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Monday Morning Quarterback View - Good, Bad & Ugly!

Updated: Apr 2, 2021

The Good


An authoritative win based on scrum, defence and kicking dominance was almost calculated to make us long-suffering Ospreys supporters go to bed on Saturday night feeling nostalgic. Nicky Smith’s beat down of the absurdly overrated Simon Berghan was redolent of the days of peak Paul James smashing up Tony Buckley, even if Smith wasn’t nearly rewarded enough for his efforts by Andrew Brace. Tom Botha dealt well with a dynamic opponent after having disappointed in the Dragons match at the Liberty and deserves credit while Sam Parry continues to look like a glue player whom we’ll need when the internationals are sequestered at Pivacamp for the foreseeable. 


The defence looked far quicker off the mark and we saw some brilliant selection of tackles, particularly from the pack, never allowing Edinburgh to settle or for the Scottish side to stack up breaks upon breaks. Hamish Watson was particularly well corralled and one brutal gainline stop late in the game from Kieran Williams and Lydiate symbolises the containment of a carrying game that has been a strong feature in the Cockerill era. A word of caution on the defence though - our backline still looks vulnerable. Luke Morgan’s struggles to defend space fuelled the try we conceded and we’re still hiding Myler from lineout. That is not a strategy that will work reliably.


What did work reliably was the kicking strategy of the halfbacks which easily eclipsed the efforts of their counterparts. With over 60% territory in the second half, Myler and Webb won the battle of the boot and with it, set the foundation for a win far more comfortable than supporters would have dared hoped for. After limping through the last few years with Aled Davies and Luke Price undermining the team, the Ospreys enjoyed the benefit of not being beaten by the incompetence of the starting halfbacks. 


The Bad


Veteran Ospreys-watchers will recognise the recurrence of a familiar theme: an inability to convert attacking mauls into points. Booth will surely not be happy with the failure to convert the chances afforded to the team in the final quarter. Edinburgh are a difficult side to maul on, coached as they are by Cockerill, but the inability of the Ospreys to diagnose the problems posed by Schoemann’s position on the edge of the maul could, it might be argued, have cost us a bonus point. Protheroe’s decisive third try came from, paradoxically, our weakness in establishing momentum - while we must credit Webb’s quick thinking, the try was ultimately more down to laughable short side defence by Graham and Shiel, and better opponents will not be so generous. With Carl Hogg being moved on, is this going to be an Achilles’ Heel for us again?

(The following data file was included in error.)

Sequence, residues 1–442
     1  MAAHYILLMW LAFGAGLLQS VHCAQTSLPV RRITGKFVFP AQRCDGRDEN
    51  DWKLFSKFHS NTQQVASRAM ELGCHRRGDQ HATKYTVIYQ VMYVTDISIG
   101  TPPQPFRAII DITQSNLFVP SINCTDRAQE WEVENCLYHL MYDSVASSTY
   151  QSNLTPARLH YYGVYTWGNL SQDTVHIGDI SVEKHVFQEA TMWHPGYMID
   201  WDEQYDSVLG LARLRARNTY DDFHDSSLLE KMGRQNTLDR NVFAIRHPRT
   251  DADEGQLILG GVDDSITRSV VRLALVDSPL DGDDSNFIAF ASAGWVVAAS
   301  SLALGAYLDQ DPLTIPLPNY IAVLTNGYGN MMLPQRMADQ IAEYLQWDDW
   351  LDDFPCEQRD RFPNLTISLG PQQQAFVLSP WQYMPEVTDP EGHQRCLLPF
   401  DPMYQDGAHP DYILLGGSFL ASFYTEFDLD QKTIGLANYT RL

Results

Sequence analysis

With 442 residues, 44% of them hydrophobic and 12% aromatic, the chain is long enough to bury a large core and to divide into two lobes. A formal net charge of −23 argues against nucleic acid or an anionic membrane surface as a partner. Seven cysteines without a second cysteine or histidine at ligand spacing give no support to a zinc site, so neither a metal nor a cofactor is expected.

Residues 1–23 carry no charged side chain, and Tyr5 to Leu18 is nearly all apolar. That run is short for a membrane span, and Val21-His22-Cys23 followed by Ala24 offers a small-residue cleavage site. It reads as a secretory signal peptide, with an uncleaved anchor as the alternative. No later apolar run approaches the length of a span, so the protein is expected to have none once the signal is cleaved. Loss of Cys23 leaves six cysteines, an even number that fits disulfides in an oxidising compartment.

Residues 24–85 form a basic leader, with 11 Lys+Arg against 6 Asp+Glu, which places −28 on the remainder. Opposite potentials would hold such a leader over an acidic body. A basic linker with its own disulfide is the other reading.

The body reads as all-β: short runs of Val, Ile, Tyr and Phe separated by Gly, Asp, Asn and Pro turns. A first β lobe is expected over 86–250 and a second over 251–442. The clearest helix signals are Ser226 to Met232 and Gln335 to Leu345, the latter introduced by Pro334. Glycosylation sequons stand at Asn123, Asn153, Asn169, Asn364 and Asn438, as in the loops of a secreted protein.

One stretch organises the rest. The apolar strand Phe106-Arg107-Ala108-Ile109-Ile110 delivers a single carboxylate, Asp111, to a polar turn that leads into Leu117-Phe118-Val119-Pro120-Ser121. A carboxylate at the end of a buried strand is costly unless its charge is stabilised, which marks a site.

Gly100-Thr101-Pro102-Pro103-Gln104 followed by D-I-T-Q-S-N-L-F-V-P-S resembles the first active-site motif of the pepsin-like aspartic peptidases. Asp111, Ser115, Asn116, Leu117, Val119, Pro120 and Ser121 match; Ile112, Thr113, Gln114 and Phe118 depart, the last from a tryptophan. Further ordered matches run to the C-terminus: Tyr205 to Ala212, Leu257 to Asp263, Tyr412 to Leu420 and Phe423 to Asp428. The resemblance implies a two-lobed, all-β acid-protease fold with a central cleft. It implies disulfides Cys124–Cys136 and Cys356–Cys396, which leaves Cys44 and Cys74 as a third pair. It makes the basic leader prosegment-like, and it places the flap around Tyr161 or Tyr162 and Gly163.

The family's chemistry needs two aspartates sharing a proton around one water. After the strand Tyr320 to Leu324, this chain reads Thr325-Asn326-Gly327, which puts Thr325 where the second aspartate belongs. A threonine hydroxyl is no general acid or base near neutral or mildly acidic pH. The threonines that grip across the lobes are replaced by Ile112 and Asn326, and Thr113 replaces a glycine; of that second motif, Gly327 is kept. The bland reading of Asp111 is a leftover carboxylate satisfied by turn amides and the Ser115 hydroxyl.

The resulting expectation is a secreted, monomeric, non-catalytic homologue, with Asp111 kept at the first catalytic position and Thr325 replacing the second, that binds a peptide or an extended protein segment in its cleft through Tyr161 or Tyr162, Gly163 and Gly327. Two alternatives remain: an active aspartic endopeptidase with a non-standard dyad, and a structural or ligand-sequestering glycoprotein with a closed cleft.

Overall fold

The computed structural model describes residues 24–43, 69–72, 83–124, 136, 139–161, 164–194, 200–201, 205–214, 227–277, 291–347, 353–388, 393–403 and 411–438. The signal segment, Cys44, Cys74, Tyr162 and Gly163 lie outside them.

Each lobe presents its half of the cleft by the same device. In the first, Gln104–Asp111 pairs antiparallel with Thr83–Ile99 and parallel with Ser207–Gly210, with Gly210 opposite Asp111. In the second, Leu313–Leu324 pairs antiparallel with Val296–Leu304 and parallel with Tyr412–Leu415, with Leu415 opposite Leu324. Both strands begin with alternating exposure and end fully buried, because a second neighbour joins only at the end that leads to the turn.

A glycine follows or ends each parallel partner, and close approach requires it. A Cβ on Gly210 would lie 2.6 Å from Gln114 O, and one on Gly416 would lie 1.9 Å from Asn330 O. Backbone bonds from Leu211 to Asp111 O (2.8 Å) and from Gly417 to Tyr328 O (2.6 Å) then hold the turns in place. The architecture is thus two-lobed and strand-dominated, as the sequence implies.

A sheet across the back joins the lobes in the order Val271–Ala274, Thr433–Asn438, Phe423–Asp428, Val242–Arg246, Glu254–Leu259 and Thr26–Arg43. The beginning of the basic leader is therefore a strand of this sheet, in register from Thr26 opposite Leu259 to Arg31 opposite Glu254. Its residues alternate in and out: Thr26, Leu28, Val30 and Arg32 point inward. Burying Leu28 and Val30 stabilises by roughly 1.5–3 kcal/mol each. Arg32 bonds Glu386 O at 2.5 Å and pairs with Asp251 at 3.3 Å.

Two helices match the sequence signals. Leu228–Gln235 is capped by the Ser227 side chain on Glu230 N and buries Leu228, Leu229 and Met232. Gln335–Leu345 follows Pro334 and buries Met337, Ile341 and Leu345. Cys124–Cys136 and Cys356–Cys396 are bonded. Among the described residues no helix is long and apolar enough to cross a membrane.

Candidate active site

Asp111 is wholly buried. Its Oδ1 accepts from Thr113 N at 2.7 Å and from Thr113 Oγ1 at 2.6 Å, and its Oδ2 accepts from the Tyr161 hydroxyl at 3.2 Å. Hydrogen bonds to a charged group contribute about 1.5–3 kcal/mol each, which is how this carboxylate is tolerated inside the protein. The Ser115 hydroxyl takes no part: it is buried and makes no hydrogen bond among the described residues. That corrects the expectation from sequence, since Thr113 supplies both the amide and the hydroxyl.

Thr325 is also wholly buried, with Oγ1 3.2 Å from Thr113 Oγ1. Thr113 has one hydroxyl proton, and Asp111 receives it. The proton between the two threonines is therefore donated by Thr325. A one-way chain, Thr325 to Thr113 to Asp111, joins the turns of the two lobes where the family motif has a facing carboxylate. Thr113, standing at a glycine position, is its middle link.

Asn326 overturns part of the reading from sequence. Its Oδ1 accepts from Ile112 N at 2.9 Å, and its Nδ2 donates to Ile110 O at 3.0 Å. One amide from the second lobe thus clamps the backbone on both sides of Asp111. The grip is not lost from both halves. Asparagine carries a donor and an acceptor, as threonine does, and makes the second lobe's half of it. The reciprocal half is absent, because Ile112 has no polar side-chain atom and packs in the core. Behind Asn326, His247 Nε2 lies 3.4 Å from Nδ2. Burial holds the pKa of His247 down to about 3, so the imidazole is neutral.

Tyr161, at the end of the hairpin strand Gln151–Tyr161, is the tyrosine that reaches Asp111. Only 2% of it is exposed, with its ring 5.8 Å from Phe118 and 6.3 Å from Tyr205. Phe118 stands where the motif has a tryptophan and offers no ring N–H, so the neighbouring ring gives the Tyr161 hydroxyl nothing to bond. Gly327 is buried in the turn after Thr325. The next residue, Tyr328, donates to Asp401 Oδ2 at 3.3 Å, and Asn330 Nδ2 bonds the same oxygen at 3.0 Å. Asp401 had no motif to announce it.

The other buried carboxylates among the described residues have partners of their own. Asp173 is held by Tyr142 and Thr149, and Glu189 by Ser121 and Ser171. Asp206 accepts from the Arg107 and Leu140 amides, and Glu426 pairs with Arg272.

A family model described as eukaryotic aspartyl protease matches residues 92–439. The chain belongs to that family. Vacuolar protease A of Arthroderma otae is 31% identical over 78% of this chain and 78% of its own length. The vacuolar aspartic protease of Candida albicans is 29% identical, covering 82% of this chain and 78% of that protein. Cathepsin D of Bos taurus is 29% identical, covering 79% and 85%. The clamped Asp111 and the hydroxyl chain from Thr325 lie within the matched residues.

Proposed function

The Ugly


Well, the weather, obviously. The torrential rain and bitter cold turned the fixture into a no-go for our phase attacking game. Wet weather rugby dictates that your kick to carry ratio changes and we certainly showed that, kicking 36 times to only 22 gainline carries. Fans wanting to see how the attack fares under Brock James will have to wait at least a week to see if they can glimpse the green shoots of recovery. Myler gets a pass for some less than accurate handling due to the sheer filthiness of the conditions but there remains a nagging suspicion that the team will struggle to spark attacking off ten this year.


Onto Ulster with a precious win, based on grit, guts and tactical supremacy. And the Turks lost against 14 men. It’s just a start but it’s a good one.

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